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Canada Invests $ 12 Million For Health In Africa


Monday, November 7, 2005, OTTAWA — The Honourable Aileen Carroll, Minister of International Cooperation, today announced that the Canadian International Development Agency (CIDA) will invest $ 7 million over three years to expand a successful health program in Tanzania. In addition, CIDA will contribute $ 5 million to the World Health Organization to help address the crisis in human resources for health in Africa. The Minister made the announcement during the Canadian Society for International Health’s 12th annual Canadian Conference on International Health.

“ Canada is committed to doing more to support the efforts of developing country partners in Africa to ensure that initiatives to reduce the burden of disease are built on sustainable health systems,” said Minister Carroll. “ African health systems are not only unable to cope with all the people needing help, but health workers themselves are dying from preventable diseases. ”

Today’s announcement is an initial contribution as part of a longer-term and broader strategy to support Africa’s efforts to strengthen its health systems.

The Minister stressed the importance of the donor community coming together to stand behind African efforts to address the human resources gap. “ Working together, what can we and our partners do to support the mobilization and retention of 100 000 additional trained and equipped frontline health care workers ? This is the question I have put to my Agency, ” added Minister Carroll.

The new $ 7 million Tanzania Zonal Rollout of Essential Health Interventions project (ZoRo) builds upon the results of the Canada-funded Tanzania Essential Health Interventions Project (TEHIP) undertaken by the International Development Research Centre (IDRC) which was operational from 1997-2004. ZoRo will extend to the rest of Tanzania the health intervention tools that were designed and tested in the two TEHIP districts. These tools have allowed the two districts to target their health resources on the largest contributors to the burden of disease and to improve the efficiency of on-the-ground health care delivery with a view to strengthening health systems overall. Building upon the results outlined in the attached backgrounder, ZoRo will expand coverage nationwide to all 113 health districts.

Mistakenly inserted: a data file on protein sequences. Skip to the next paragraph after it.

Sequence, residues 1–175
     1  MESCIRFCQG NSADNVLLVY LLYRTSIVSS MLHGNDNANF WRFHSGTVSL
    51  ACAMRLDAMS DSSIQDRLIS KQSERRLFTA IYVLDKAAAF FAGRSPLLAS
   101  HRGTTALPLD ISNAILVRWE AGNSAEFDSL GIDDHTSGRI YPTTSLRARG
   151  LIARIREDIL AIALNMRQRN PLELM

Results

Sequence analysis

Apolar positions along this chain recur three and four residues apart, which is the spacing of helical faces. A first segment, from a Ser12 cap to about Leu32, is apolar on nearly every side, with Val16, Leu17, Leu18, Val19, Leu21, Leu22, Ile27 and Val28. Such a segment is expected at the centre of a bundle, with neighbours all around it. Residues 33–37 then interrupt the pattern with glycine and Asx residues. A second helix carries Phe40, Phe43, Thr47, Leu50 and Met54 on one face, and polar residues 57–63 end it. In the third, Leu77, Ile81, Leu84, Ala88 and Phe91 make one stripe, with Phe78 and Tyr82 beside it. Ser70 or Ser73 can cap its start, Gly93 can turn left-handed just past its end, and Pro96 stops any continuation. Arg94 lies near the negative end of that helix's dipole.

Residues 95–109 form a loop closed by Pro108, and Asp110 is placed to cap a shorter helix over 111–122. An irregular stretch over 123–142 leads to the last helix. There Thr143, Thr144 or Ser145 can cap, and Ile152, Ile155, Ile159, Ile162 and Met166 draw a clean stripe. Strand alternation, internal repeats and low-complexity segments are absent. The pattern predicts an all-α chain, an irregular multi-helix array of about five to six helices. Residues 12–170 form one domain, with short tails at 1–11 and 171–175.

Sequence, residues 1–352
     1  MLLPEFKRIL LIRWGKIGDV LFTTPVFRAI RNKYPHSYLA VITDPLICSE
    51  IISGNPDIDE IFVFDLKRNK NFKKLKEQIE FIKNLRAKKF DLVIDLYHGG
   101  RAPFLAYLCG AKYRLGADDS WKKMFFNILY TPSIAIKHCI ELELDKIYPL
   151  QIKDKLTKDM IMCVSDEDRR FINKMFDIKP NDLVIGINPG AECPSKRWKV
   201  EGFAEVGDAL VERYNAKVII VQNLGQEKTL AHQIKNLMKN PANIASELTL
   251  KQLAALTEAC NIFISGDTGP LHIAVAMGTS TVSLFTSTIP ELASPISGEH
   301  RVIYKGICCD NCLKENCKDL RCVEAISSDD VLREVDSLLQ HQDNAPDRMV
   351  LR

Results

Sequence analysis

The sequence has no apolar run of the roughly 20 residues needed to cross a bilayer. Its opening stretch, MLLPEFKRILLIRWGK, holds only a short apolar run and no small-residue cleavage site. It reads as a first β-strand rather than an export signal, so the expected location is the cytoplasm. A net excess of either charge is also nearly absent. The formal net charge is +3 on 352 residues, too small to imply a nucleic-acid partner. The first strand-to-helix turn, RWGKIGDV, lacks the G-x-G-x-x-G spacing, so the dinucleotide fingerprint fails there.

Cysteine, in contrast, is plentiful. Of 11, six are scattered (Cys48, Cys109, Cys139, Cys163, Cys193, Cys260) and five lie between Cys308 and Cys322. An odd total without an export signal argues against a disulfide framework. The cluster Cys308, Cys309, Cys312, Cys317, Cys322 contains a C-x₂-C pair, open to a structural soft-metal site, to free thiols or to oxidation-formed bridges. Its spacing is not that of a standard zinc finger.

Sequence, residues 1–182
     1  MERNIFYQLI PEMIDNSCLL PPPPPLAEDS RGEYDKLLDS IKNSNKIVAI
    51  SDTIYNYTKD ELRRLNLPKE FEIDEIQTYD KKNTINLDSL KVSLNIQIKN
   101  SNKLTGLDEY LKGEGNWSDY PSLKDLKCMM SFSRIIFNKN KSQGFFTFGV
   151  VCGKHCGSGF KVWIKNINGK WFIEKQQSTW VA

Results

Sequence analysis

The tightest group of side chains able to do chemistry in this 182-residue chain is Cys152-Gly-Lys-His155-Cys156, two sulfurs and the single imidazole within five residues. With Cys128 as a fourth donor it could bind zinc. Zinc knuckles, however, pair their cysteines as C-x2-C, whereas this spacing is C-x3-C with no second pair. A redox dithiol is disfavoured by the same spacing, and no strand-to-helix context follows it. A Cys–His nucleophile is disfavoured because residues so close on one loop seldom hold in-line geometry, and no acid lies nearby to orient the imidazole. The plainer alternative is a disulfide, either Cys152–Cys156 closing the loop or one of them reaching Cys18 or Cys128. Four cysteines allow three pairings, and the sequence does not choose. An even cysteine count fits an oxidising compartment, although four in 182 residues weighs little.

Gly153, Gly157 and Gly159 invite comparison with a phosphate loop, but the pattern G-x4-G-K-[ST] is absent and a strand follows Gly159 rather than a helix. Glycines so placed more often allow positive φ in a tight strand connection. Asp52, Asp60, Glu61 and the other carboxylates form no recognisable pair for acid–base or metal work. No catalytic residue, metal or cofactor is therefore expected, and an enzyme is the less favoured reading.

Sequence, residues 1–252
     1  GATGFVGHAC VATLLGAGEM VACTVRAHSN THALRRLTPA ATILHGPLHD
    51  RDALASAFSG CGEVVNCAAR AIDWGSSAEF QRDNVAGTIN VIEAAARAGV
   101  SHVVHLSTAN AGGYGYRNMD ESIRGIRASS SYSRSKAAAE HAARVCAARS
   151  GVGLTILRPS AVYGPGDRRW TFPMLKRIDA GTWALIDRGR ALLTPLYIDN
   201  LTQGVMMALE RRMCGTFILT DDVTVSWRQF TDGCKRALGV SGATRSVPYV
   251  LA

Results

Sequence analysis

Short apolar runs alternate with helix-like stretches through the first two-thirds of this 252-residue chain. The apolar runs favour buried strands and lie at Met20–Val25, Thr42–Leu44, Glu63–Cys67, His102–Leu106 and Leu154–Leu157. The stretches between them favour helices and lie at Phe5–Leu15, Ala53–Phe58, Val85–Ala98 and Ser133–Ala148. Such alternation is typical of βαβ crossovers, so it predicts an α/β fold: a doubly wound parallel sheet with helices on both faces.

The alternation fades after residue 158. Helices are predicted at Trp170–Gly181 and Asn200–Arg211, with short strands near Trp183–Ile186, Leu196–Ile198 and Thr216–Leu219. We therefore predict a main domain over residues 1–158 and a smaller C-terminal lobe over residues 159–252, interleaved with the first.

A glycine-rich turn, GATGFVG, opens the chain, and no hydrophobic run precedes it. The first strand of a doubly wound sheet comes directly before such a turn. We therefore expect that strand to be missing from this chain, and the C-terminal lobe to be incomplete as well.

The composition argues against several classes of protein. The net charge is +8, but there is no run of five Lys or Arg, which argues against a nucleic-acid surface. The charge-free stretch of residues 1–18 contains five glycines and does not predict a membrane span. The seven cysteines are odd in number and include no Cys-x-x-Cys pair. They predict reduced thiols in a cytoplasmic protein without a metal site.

“ We are delighted that CIDA is investing in strengthening health systems in Tanzania, ” says Maureen O’Neil, President of Canada’s International Development Research Centre. TEHIP -- supported by IDRC and CIDA and undertaken by Tanzanian researchers -- has generated outstanding results, reducing the number of children dying in two districts by more than 40 per cent. It has helped put these districts well on track to meeting or even surpassing the MDG target for reducing child mortality. Thanks to this successful collaboration among Tanzania, IDRC and CIDA, Tanzania is better equipped to continue to strengthen its health system. "

In addition to supporting the Zonal Rollout in Tanzania, CIDA is providing $ 5 million to the World Health Organization (WHO) over five years to help address the critical shortage in human resources for health. Currently, an estimated 750 000 health workers in Africa provide services for some 680 million people. The one million shortage of workers means that people living with HIV/AIDS and other diseases struggle to receive proper care and that many children do not even receive routine immunization. The threat of emerging diseases such as avian flu pose an even greater burden on overtaxed health systems in Africa.

“ Through this generous support to the WHO, CIDA is demonstrating ground-breaking leadership, ” said Dr. Timothy Evans, Assistant Director-General of WHO. “ Attention to and action on the primary constraint to improved health in poor countries - the health worker crisis - is no longer in question. ”

These contributions are part of CIDA’s two-pronged Agenda for Action on Global Health, announced in September 2005. First, Canada is stepping up efforts to prevent and control diseases linked to poverty with a particular focus on reaching children and marginalized populations, and addressing gender inequalities and reproductive health. Second, Canada is working with developing-country partners to help reduce the burden of disease on health systems. Today’s announcement reflects priorities outlined in Canada’s International Policy Statement.

Funding for this initiative was provided for in the February 2005 federal budget, and is therefore built into the existing fiscal framework.


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